The Lumineers – Powerstation: November 11, 2022

The Lumineers’ reputation of being one of the leaders of Americana over the last decade resulted in a sold-out show at the Powerstation.

Large young female presence added to the sound inside the humid sweat lodge tonight, as the audience sang along to many of the songs.

They were also there for pretty boy lead vocalist and founder Wesley Schultz, long hair and beard along with an iconic Seventies Dylan hat. I still have mine, dusty as it is.

Jeremiah Fraites on drums is the other founder. He eerily looks like Woody Harrelson. Started playing as a rough-and-tumble duo in New Jersey. The band became fully formed in Denver, Colorado around 2009. Weed, whites and wine? Two out of three I’d be Willin’ to bet.

The rest. Stelth Ulvang multi-instrumentalist and scaler of the walls. Lauren Jacobson fiddle, Byron Isaacs bass and Brandon Miller guitars and mandolin.

They open with the title song of their newest album, Brightside. Followed immediately by the title song off the great Cleopatra album. Rough country stomp with the fiddle contributing an essential element of swing. Tom Petty influences to the fore.

Ho Hey was one of their massive hits. They bring through the flavour of Southern roots country.

There is an unmistakable influence of Springsteen in Schultz’s voice. He tends to bellow and yell in the higher register. That puts both in the tradition of the great R’n’B shouters of the past. Both Jersey boys, after all.

They have a song called Donna. Tip the hat to Richie Valens, but they’re singing about strangers at truck stops in Noo Joisey.

One called Gloria which starts with a huge arse kick from the drums before laying into americana with some Southern white boogie. Van the Man called his one Irish soul. Most American roots music is Celtic Irish in origin.

Ophelia clearly has New Orleans as its dominant rhythmic influence.

They could be the new Creedence Clearwater Revival. They are certainly treading a similar path to the Band. Their raucous side, as they were when backing Dylan. They don’t clutter the music like Mumford and Sons tend to. They keep it more streamlined and economical like the Blasters. They are a blast.

Hollow Coves

These Coves are folk duo Ryan Henderson and Matt Carins from the Gold Coast of Australia. They play electric and acoustic guitar, and their close harmony singing cannot help but draw comparison to Simon and Garfunkel. In current times, probably the Milk Carton Kids.

The room is close to capacity as they come on. It is to their credit that they can cut through in the noisy atmosphere.

Their short opening set is melodic pastoral folk. A nice harmonica intro leads into a song about the wide ocean. Down by the water take me home. A dreamy reverie can still bring peace in a noisy venue.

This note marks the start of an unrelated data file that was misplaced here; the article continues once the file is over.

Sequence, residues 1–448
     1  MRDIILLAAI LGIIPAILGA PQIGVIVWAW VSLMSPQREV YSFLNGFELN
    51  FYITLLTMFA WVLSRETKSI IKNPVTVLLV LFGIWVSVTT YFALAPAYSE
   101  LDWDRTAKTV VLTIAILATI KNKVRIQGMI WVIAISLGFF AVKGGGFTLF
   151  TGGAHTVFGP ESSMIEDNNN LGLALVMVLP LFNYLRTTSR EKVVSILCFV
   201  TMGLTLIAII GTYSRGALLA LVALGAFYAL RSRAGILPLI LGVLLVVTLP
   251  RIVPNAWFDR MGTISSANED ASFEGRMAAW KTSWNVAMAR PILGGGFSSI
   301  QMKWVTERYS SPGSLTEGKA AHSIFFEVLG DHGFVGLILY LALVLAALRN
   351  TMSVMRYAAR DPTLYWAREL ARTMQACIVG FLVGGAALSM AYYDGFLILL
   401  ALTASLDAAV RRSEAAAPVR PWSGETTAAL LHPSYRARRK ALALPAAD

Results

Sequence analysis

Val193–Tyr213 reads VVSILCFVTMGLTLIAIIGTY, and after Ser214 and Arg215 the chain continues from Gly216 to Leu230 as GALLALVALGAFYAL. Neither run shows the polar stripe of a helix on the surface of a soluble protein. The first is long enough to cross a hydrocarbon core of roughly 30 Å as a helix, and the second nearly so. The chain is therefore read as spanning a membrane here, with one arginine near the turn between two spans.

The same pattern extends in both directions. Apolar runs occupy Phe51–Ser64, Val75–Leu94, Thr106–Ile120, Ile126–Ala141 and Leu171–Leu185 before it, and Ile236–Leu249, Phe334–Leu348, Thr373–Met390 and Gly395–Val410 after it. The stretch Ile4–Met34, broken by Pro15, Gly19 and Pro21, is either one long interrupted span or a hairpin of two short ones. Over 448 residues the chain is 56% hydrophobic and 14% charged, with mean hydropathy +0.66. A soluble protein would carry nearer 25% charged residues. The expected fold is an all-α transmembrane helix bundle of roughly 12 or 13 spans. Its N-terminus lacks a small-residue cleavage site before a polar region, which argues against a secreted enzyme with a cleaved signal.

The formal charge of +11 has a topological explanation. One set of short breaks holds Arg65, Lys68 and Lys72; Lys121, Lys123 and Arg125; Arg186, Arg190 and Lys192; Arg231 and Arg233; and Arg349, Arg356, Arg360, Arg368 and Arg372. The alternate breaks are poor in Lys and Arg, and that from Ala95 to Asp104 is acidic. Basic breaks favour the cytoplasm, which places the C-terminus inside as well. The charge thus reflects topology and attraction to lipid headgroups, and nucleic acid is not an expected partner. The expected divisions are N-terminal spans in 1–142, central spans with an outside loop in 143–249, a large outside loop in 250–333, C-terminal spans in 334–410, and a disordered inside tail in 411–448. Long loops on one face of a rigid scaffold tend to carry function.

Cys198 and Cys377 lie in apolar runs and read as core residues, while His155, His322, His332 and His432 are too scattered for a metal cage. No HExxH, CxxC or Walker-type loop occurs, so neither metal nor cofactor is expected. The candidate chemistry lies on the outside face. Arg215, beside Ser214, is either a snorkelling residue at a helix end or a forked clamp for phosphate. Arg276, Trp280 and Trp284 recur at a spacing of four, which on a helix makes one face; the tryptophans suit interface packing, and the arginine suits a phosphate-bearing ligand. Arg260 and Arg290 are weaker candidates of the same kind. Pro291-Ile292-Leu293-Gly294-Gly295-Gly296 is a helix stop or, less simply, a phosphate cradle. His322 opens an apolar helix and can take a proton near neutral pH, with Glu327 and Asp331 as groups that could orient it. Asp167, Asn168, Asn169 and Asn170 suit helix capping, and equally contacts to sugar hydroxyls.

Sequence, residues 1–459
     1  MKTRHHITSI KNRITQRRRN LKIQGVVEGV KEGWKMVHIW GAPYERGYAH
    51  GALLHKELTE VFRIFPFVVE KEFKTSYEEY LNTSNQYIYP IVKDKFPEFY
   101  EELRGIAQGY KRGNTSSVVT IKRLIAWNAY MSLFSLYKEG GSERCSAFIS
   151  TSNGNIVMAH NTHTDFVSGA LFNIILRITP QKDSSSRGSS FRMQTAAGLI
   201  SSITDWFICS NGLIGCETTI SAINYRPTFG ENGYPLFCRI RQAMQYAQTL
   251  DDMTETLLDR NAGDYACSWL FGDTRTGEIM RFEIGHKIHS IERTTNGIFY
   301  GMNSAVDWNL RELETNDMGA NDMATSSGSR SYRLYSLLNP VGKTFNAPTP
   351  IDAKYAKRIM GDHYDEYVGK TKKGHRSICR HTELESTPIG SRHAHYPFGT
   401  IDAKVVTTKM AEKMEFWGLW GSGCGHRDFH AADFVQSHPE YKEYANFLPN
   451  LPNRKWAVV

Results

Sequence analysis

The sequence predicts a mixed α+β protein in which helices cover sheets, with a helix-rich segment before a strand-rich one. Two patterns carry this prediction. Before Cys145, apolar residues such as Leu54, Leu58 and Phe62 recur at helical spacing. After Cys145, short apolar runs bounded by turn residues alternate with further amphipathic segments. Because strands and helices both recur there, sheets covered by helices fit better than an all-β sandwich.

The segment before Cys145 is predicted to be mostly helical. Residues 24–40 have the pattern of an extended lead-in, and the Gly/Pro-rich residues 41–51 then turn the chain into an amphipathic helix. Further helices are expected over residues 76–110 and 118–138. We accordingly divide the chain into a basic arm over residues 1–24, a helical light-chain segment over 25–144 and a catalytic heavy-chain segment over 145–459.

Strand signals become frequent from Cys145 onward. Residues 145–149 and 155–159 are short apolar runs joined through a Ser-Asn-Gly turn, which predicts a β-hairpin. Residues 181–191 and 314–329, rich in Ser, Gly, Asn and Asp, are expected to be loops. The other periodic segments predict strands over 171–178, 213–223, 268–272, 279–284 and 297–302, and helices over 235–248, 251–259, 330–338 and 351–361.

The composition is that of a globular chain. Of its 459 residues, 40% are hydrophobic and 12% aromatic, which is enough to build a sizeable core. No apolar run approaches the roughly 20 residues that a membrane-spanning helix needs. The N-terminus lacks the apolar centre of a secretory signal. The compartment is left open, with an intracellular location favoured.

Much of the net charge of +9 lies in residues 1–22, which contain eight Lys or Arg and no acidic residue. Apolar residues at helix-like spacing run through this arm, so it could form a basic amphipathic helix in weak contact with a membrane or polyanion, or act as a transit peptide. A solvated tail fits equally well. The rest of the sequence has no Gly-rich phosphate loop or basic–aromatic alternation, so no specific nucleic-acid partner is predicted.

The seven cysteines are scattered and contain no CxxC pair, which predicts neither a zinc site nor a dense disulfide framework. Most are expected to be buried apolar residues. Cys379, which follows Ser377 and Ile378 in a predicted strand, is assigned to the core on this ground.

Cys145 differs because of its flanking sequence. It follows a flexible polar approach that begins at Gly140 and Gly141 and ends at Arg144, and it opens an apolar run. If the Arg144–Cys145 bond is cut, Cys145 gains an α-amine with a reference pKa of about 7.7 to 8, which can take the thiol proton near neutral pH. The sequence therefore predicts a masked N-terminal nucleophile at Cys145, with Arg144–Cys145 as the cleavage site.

Of course, sweaty Stryians sinking schooners and swearing would make this ambience second nature to them.  

They do a cover of James Bay’s Hold Back the River. Electric jangle guitar begins. Gospel folk as the quiet duet vocals get passionate. Let us hold each other/ Lonely water won’t you let us wander. The audience joins in.

They close with a song called Coastline. People have heard the title as Toastland in Australia, and Holocaust in Germany. It is folk with different layers, quiet and reflective. It also echoes the vast open land of a big country.

The Lumineers

They do a Radio song and throw their hat in the ring for that tradition. Van Morrison, the Blasters, the Carter Family, the Modern Lovers, Sam Cooke et al.

AM Radio is standing on the corner listening to the radio. AM dates it before the rise of AOR. Adult Orientated Rock was coined with the rise of FM. Country americana full of white soul or gospel.

Flowers in Your Hair, off their debut album, has an accordion accompanied by a single snare drum. A swinging barn stomper.

Angela is distinguished with some swamp guitar tones.

Dead Sea and Schultz manages to combine Petty and Spruce in his voice.    

It Wasn’t Easy to be Happy for You. Higher register vocal yells and country is man-handled into rock’n’roll.  

Submarines is led by military drum accents which corral the hostilities in the music which follows.

Alice Cooper has commented that he regards it… an offense to call these acts rock bands. Jack White has taken the opposite view.

Leader of the Landslide starts with country folk elements but works its way through to incorporate the Rolling Stones You Can’t Always Get What You Want. That’s a great statement of intent from the group to try and settle the issue.

The Lumineers are riding that Mystery train, sixteen coaches long and the radio is tuned in. The train conductor may be wearing black. The show rolled through Auckland tonight and americana is in great shape.

Rev Orange Peel

Click on any image to view a photo gallery by Ivan Karczewski:

The Lumineers:

Hollow Coves: